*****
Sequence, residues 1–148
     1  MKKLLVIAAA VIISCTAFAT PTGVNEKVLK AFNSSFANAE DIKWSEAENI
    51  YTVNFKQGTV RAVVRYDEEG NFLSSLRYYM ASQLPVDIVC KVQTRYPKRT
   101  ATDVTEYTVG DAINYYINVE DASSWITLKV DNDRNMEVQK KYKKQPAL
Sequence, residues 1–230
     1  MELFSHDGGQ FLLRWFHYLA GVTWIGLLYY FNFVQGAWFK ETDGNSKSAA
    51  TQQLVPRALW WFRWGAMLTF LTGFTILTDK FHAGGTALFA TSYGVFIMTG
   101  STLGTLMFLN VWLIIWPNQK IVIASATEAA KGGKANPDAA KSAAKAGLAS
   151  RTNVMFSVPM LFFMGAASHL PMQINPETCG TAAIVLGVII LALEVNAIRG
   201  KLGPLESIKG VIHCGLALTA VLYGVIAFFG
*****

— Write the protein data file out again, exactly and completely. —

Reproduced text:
Sequence, residues 1–148
     1  MKKLLVIAAA VIISCTAFAT PTGVNEKVLK AFNSSFANAE DIKWSEAENI
    51  YTVNFKQGTV RAVVRYDEEG NFLSSLRYYM ASQLPVDIVC KVQTRYPKRT
   101  ATDVTEYTVG DAINYYINVE DASSWITLKV DNDRNMEVQK KYKKQPAL
Sequence, residues 1–230
     1  MELFSHDGGQ FLLRWFHYLA GVTWIGLLYY FNFVQGAWFK ETDGNSKSAA
    51  TQQLVPRALW WFRWGAMLTF LTGFTILTDK FHAGGTALFA TSYGVFIMTG
   101  STLGTLMFLN VWLIIWPNQK IVIASATEAA KGGKANPDAA KSAAKAGLAS
   151  RTNVMFSVPM LFFMGAASHL PMQINPETCG TAAIVLGVII LALEVNAIRG
   201  KLGPLESIKG VIHCGLALTA VLYGVIAFFG